Women I Admire: My Poem Over the Pulpit and Other Ways You Help Me

I was the little girl watching everything you did.
The one that still remembers the day Daddy called her up to the pulpit during his talk,
To tell the poem about Melinda Mae and her giant whale.
I shook so hard, I almost fainted.
I wanted to be up there, to make him proud.
But it scared me more than I knew it would.
I looked out in the audience
And I saw your face,
A lifeline imprinted in my mind.
My older cousin, smiling at me.
I don't remember looking away,
not until I sped through that final word,
and the monstrous whale was eaten*.

There was a distance, a pulpit I watched you from for all those years.
I'll tell you now,
When I was depressed in high school.
It was your name that gave me hope when my parents told me I wasn't alone.
You'd been there.
And somehow you were still amazingly you.

I was the long legged pre-teen sitting in the back seat
When Daddy told how he set you up on date with a boy you liked.
And I was the acne covered teenager in your backyard
The day you and that same boy came back from the temple.
An outdoor reception around the pool, cool lights of night,
You madly in love, family everywhere like a sea of comfort.
I brought my own dark haired boy to your parents backyard.
Fresh from the temple, we stood by the outdoor pool in the cool night,
Madly in love, family everywhere, you sweeping up to tell me congratulations.

When I returned home later,
A babe in my arms, a husband at my side,
Age didn't matter any more.
Everywhere I looked, I saw more and more
that we were not so different.
Like bits of our lives where mirrors of each other.
I sometimes felt like angels from the other side
were nudging me toward you, again and again.
Until at a relief society retreat, struggling with depression I thought I'd shook,
You told me that you still hit that dark place, too.
"I know what I need to do, now," you told me, "I need to hold my girls."

Like flash forward, I'm in another place
and winter ate at my joy with cold fingers.
I prayed and prayed for help.
It came,
Your voice, like the face of comfort over the pulpit
returning to me.
I scooped my babies up. I held them close.
And life straightened out again.

*Melinda Mae by Shel Silverstein 


Click photo to see #BecauseofHim video
I'm tracing the Savior through my life.
My Savior.
My Lord.
I'm finding Him.
I'm thinking of what I have because of Him.
It's bringing me to my knees.
My heart longs for Him.
Because of Him
Darkness can not hold me.
Death will not part.
Peace is left with me.
My wounds are bound up.
Promises can be kept.
Covenants are real.
Words will stand.
Truth will last.
Forgiveness will heal.
Because of Him
Fear flees.
Sorrow turns to joy.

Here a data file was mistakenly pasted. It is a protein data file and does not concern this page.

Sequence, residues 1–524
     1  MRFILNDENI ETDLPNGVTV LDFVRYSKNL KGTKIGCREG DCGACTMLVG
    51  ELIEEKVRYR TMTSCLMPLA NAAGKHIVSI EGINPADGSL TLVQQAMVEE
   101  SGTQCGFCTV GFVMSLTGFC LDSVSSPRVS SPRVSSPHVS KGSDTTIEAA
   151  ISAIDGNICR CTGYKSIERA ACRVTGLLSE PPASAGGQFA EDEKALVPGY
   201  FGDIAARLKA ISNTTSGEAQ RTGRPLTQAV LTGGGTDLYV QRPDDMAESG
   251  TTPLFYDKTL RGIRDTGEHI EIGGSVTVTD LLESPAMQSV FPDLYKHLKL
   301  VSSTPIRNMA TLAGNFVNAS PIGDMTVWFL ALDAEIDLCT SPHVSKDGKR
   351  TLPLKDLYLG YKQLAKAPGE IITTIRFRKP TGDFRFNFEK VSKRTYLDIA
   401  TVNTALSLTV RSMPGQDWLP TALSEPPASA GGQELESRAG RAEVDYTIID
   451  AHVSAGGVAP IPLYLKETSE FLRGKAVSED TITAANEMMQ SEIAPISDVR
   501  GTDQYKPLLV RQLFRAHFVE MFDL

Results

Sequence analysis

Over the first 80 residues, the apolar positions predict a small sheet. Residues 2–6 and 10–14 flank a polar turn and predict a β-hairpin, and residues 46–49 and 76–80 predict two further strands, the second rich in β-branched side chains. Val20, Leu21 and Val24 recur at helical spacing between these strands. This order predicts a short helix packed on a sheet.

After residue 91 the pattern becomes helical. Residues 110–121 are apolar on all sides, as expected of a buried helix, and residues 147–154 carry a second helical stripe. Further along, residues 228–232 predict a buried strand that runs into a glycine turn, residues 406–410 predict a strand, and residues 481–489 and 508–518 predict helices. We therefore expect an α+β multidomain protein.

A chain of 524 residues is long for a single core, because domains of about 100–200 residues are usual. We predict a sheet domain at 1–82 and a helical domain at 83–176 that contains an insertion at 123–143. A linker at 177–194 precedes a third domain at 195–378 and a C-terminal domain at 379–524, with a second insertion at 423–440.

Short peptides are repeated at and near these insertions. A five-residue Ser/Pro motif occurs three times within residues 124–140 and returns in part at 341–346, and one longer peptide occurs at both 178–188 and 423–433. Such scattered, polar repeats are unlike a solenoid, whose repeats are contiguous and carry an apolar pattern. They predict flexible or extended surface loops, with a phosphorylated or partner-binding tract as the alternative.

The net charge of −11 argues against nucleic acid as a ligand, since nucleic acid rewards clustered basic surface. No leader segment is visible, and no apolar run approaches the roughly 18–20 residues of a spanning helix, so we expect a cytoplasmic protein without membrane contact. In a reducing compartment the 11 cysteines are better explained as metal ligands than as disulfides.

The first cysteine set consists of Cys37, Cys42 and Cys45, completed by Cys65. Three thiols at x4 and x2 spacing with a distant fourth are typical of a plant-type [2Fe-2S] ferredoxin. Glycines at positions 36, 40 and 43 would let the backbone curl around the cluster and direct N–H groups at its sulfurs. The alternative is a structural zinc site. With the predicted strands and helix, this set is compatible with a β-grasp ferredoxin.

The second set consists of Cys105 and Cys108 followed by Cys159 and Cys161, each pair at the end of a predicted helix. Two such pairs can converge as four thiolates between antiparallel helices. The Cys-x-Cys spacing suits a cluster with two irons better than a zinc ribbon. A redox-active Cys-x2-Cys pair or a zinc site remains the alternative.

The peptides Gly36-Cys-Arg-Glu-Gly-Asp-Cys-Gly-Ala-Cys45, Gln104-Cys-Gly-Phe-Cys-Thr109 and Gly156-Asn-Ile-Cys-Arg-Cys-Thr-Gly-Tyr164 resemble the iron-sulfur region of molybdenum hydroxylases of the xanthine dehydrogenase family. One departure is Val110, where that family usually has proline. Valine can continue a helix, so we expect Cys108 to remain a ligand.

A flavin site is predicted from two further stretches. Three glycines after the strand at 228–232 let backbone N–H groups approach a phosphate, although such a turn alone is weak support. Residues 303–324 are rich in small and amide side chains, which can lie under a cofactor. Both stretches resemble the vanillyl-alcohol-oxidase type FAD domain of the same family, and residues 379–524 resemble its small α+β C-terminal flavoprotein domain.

Because of Him
Because of Him
Death is not the end.
This life is not all there is.
Love never ends.
Because of Him
I will live again.

My Life: Finding My Words

It feels like my words have dried up.
Not the ones I write for my characters.
They have finally woke again.
They'd been silent for so long, I welcomed them back.
And my time spent writing turned to pages of fantasy.
And yes, I might have found myself writing romance.
I wouldn't admit it before,
but I have to now.
I like a good romance.

But my other words,
the ones I use here,
the ones I use to explore my life and understand me,
they shriveled up and stopped.
I throw my hands up and sigh.
I'm too tired
and nothing I think to say here matters that much.
Who wants to hear about moving bedrooms,
being up all night with babies,
cleaning the house,
or the weird obsession I've developed for shirt dresses
(none of which are ever long enough for me . . .)?

But then I remember that blog I follow avidly
and it's all about babies
and decorating
and loving life
and enjoying life.

And maybe even sometimes about dresses.

Because that's what life is.
It's one day and another day
and not so much fantasy romance,
but a tired husband who's been gone all Sunday
and several nights during the week
while still working all day,
just to make ends meet
and to serve a God we both love.
It's the baby who wakes every two hours,
but smiles and makes everything right again.

It's the neighbor who lost her job and started walking at the park,
just when I got winter depressed and started walking too.
It's how we now walk together every morning.
And I tell her about being up all night.
And she tells me about getting back her job.
And my son is brave and actually pets her dog.
And then waits every day for her to come so he can pet it again.

Life is reading a book my mom gave me fifteen years ago
to my son,
and crying at the same places she did,
and laughing at myself and telling my son to ignore me.
I'm just like her.
But I don't mind.

Life is being too tired or busy with baby
to say anything in Relief Society anymore,
but still going.
Life is the sisters who rescued me that night at
the Relief Society birthday party
when they held my baby and she didn't cry.
I didn't even know I needed rescuing until they came.

And that is life
and why I write here
and why I read what others write.
Because life is good
and bad
and sentimental
and somehow bittersweet and beautiful.
Life is a story written by God.
And my words are traces of living.